Associate Professor
Molecular and Cellular Biology
Center for Cell and Gene Therapy
Baylor College of Medicine
Texas Medical Center Digestive Diseases Center (DDC)
Dan L Duncan Comprehensive Cancer Center (DLDCCC)
Baylor College of Medicine
Houston, Texas, United States


MD from School of Medicine, University of Bern
PhD from School of Medicine, University of Bern
Clinical Fellowship at University Hospital Bern
Internal Medicine and Gastroenterology
Postdoctoral Fellowship at Salk Institute for Biological Studies

Professional Interests

  • Genome engineering in the liver
  • Metabolic liver disease
  • Human liver chimeric mice
  • Liver cancer
  • Hepatitis B virus
  • Cell based therapy for liver disease

Professional Statement

We are interested in translating basic science breakthroughs into therapeutic approaches for liver disorders. Our research is therefore best described as from “bench to bedside”. We are not focused on one liver disorder in particular but our interest ranges from liver cancer to viral hepatitis to metabolic liver disorders.

Basic science is often poorly translated into the clinic due to lack of experimental animal models for human disease. Indeed, metabolic pathways differ significantly across the animal kingdom. Therefore, we spend considerable effort generating new in vivo systems for primary and diseased human hepatocytes.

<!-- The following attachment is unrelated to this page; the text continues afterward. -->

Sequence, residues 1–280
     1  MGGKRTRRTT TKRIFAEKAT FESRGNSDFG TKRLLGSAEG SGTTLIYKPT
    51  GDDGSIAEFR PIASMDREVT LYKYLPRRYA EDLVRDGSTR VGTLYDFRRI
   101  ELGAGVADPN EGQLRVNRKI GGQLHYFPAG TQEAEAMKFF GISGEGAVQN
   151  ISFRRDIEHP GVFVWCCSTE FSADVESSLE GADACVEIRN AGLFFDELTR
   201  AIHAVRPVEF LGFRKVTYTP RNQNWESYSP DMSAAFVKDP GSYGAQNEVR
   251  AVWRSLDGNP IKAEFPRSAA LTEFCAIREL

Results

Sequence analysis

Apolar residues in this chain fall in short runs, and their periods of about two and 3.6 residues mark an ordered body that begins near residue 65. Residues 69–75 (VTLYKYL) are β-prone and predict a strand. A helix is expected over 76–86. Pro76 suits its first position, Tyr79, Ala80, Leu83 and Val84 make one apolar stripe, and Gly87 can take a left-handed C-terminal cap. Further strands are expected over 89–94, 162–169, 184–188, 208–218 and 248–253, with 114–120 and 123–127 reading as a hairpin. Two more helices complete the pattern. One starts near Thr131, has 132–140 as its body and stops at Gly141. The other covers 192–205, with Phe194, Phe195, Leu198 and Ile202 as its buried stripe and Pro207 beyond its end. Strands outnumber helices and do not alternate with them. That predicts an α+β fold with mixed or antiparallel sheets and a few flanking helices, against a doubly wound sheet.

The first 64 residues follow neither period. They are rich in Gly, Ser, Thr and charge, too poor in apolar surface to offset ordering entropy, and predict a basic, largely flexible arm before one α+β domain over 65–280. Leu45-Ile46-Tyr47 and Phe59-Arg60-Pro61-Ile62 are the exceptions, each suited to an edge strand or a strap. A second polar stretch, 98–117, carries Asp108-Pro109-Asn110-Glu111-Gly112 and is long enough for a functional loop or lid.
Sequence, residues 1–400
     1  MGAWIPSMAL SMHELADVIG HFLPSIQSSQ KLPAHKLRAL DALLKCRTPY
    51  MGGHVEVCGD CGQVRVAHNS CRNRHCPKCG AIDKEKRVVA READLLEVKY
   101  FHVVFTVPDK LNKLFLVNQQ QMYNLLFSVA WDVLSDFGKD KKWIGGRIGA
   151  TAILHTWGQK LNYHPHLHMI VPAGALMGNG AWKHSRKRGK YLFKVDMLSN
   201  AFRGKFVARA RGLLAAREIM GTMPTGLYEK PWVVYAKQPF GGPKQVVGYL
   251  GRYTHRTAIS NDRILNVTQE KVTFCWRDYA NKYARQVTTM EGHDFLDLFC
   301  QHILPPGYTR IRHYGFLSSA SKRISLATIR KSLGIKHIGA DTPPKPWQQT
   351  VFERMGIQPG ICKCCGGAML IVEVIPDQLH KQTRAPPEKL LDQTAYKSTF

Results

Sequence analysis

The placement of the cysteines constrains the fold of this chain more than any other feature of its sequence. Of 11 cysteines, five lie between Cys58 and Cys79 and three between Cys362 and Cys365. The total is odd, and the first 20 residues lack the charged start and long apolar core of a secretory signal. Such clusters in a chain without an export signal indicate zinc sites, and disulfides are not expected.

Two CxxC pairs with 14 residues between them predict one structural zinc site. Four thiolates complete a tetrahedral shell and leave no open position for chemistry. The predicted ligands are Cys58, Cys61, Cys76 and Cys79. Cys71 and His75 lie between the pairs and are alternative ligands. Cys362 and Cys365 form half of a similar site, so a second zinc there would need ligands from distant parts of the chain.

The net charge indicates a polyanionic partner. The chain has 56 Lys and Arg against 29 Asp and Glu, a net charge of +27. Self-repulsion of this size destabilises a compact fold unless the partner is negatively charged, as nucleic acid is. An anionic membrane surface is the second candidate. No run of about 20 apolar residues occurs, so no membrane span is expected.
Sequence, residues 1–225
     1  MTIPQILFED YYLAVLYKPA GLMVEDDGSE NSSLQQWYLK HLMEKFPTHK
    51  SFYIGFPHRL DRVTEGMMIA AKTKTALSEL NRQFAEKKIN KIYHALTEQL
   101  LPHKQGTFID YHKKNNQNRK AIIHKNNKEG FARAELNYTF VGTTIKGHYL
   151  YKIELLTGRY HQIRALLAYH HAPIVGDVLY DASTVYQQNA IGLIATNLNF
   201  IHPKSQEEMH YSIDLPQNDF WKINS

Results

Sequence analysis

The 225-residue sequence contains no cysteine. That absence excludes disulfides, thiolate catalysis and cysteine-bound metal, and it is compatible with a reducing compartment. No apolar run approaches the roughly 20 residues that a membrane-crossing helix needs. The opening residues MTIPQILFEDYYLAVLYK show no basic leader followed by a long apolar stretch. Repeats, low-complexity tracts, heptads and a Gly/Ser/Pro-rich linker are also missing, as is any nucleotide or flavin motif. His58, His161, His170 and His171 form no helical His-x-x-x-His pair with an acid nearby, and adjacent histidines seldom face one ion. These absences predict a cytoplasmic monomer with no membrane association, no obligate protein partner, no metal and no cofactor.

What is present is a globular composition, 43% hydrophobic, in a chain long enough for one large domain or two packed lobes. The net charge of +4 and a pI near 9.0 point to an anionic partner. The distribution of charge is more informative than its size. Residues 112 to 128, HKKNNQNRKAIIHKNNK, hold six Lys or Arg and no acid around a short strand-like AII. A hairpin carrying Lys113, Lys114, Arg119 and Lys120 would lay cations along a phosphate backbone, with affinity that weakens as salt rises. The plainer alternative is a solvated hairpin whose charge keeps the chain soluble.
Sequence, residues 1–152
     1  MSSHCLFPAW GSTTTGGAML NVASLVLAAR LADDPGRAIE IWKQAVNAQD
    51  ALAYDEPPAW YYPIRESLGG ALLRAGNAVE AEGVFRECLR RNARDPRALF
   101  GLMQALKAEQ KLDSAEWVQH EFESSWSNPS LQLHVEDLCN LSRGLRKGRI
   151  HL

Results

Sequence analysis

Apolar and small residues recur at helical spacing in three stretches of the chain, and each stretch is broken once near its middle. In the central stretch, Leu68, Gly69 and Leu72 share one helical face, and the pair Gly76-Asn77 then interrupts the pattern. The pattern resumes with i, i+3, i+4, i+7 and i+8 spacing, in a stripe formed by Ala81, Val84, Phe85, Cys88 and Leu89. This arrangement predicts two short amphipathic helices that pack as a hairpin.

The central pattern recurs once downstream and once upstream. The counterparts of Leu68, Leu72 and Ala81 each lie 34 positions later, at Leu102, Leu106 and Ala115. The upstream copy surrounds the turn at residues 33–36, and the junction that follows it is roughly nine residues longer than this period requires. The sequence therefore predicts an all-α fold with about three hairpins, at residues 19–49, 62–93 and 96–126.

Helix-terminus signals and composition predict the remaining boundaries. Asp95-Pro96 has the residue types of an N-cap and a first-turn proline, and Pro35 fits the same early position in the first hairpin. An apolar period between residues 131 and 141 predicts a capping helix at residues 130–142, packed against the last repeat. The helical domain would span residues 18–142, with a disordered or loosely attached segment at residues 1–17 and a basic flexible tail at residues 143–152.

Our therapeutic strategies include new concepts and biologics. The advent of CRISPR/Cas9 technology has generated enormous excitement throughout the many fields of biology and biomedical research, though its broad therapeutic application has been stymied by lack of a feasible approach for genome editing that obviates its chief risks. We recently developed a therapeutic genome editing approach, called metabolic pathway reprogramming, that couples the power of CRISPR/Cas9 technology with a strategy from pharmacology, namely, inhibition of an enzymatic pathway rather than direct editing of a disease-causing gene. We have demonstrated the efficacy of this approach using CRISPR/Cas9 to convert the fatal type I tyrosinemia into benign type III tyrosinemia in mice.

Selected Publications